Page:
If I wasn’t sure whether this Caprice was CC-worthy at first, my opinion changed the stickers in the rear window; the owner of the car was apparently an engineering student at the University of Dayton engineering. When you consider most younger people wouldn’t choose to drive a car like this without a more fundamental understanding of its now-uncommon mechanicals, it actually makes sense. This is most definitely a “car guy’s” choice.
There are generally two ways to appreciate a sedan like this; one, because you enjoy the big impression it makes or two, because you can appreciate the fundamental differences between its full-frame, rear drive V8 layout and most other cars on the road. Given its generous specification, with leather trim, the original buyer might have given the former consideration more bearing on his or her purchase, but when noting the dual exhausts, perhaps he or she might’ve been aiming for a sleeper Impala SS. The current owner no doubt knows the car’s now-famous capabilities, though in basic Caprice Classic trim, I’m sure many casual onlookers do not.
The new-for-1991 Caprice was never appreciated for its style, but the minor tweaks which define this facelifted 1995 help its looks greatly. By deleting the rear wheel skirts–a styling flourish I ordinarily like–and adding a notch to the rear quarter light, the impression of visual mass was reduced, making the car less ungainly overall. It wasn’t too big of a boon to sales, of course, as civilian versions of the car in Caprice trim weren’t the biggest sellers by this point, but that just makes this siting more special.
Styling tweaks notwithstanding, these final Caprices were far from beautiful, but their appearance was at least appropriate to their mission as a soft, capacious conveyance. With the new-for-1994 LT1 engine, there was finally power to back up the expressive styling, even if its appearance in the car was almost accidental. The previous 5.7 couldn’t meet upcoming emissions regulations, so reaching into the Corvette parts bin allowed engineers to keep a bigger engine on hand without having to spend much money. Despite the substitution of cheaper, heavier and more restrictive iron heads, it was a real win-win, with 260 horsepower (forty less than the contemporary Corvette) and 33o lb-ft of torque on tap.
With big tires, a limited-slip differential and a lower final drive, the Impala SS made it to sixty in 6.5 seconds; the Buick Roadmaster, with smaller rolling stock and a taller rear end, took 7.8 seconds. The Impala topped out at 142 miles per hour, while the Roadmaster’s limiter ended the fun at 108; at least the super tall gearing allowed the engine to loaf along at 2400 rpm at that speed. This Caprice is probably closer to the Impala in terms of performance, since the Chevy’s optional engine (standard in the Buick) also came with the Impala’s lower final drive. In any case, do not assume all 1994-1996 Caprices come with the LT1 standard; many came with the standard 4.3 liter L99 V8, which met emissions standards all the way to the bitter end in 1996, when OBDII was launched (so also remember that swapping an earlier engine into a ’96 takes a little extra effort).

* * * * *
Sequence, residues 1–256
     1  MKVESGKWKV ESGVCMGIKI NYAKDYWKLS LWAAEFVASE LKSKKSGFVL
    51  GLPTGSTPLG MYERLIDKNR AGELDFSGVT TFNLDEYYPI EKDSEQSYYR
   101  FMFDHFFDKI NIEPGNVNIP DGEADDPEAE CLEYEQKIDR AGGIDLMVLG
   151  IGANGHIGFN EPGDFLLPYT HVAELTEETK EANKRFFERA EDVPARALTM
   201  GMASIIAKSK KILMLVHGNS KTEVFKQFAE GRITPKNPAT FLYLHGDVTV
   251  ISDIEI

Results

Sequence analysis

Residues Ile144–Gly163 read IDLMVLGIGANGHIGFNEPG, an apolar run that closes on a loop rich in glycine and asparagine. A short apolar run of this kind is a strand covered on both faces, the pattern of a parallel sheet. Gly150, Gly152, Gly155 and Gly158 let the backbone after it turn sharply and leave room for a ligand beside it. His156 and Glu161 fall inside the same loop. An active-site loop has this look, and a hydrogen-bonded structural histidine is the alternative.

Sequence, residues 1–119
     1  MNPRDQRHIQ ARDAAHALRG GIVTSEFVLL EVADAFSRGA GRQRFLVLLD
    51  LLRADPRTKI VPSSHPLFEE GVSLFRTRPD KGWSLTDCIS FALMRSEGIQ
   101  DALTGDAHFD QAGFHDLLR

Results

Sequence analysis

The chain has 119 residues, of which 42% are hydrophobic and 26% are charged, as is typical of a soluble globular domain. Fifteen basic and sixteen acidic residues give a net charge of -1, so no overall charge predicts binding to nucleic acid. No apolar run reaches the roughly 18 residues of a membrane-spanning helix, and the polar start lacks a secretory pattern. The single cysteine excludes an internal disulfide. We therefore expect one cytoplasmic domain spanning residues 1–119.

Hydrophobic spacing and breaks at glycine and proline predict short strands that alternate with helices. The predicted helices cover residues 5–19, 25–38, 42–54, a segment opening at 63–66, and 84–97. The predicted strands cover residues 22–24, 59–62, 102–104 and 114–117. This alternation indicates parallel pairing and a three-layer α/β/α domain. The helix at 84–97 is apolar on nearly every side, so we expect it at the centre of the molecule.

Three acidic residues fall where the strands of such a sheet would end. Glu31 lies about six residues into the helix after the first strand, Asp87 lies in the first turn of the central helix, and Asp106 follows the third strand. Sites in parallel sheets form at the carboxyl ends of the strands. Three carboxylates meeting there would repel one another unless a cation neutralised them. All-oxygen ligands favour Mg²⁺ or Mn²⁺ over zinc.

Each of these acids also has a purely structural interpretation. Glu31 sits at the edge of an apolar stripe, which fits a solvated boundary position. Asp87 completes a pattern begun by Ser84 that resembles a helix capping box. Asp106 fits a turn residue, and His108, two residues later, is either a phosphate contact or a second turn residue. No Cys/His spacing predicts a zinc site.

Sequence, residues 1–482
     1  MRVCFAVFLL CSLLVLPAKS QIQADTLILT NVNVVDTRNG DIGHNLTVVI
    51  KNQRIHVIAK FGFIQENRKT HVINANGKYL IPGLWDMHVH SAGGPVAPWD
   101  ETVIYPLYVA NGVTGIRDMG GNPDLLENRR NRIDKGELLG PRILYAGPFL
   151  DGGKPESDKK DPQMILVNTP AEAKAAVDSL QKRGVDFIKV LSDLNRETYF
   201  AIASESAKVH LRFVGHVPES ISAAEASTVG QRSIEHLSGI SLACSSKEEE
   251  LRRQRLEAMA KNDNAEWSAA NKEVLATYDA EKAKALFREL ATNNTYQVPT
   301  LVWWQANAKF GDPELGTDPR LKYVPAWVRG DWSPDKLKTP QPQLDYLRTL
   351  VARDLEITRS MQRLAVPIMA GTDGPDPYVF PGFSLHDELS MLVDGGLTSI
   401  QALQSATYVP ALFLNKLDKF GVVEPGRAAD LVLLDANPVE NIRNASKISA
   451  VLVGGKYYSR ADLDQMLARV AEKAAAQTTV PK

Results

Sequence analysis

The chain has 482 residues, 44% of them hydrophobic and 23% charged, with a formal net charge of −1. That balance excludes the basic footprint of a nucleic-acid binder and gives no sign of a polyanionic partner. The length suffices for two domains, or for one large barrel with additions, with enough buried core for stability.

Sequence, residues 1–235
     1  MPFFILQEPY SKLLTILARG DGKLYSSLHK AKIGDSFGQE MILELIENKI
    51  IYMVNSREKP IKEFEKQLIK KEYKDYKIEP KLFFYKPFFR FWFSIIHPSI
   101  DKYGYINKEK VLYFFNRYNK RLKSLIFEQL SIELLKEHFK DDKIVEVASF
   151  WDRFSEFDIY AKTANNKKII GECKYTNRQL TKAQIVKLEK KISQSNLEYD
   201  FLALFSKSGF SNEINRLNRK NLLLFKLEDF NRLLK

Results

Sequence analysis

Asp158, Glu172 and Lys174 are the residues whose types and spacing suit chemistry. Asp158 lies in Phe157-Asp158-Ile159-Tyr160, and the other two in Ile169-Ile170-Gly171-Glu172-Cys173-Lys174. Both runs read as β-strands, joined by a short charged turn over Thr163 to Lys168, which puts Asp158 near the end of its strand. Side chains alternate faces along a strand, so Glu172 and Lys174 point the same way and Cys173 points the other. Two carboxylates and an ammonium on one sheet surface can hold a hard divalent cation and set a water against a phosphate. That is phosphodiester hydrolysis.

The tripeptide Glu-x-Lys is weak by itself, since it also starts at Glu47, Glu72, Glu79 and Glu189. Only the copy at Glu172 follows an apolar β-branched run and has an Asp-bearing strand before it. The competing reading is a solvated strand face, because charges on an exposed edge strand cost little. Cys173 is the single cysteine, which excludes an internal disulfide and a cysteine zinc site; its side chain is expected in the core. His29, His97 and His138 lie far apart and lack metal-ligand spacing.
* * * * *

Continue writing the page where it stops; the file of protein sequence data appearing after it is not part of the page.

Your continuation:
The seating surfaces and armrests show this has been a well-preserved car. Let’s hope it stays that way; as cars that mark the end of an era, there need to be a few which stay in clean, original condition (outside of Florida). When looking at this car, I am reminded of my best friend’s grandfather who was an aerospace engineer at GE. He drove cars like this until they went out of production, after which point, he moved on to a G-body Bonneville (his last car), and I like to think he recognized solid mechanicals when he saw them. The fact that he wasn’t convinced by the Lumina further backs that up; by the time 1997 rolled around, GM was really phoning it in with that car. Replacing the Caprice and Impala SS with a front-drive chassis really required a supercharged 3800 in an H, C or G body, not a reskinned original W-platform.
That, of course, is a nearly twenty year old story and 1996 was a very different time. I suspect more than a few Chevy buyers were very content with their Tahoes and Suburbans, and that those trucks brought in a younger, spendier audience than did the the Caprice. Better in GM’s mind, I’m sure, not to put too much effort into any direct successor, especially when the indirect replacement was already far from competitive.
Ford would draw the remaining traditional all-American sedan customers over to the Crown Vic and Grand Marquis over the next fifteen years, but those twins never had the cachet of the big GMs, sacrificing oomph and isolation for a marginally more modern driving experience, slightly more cohesive style and better fit and finish. As an engineer-acquaintance of mine owns one of those cars, I suspect their no-nonsense appeal is much the same as this Chevy’s, though for me, a Park Ave would make a better replacement. As always, opinions on these “beached whales” are generally hotly contested, with some regarding them as Deadly Sin contenders, but to quote Tom Klockau, I feel they were the last of the best.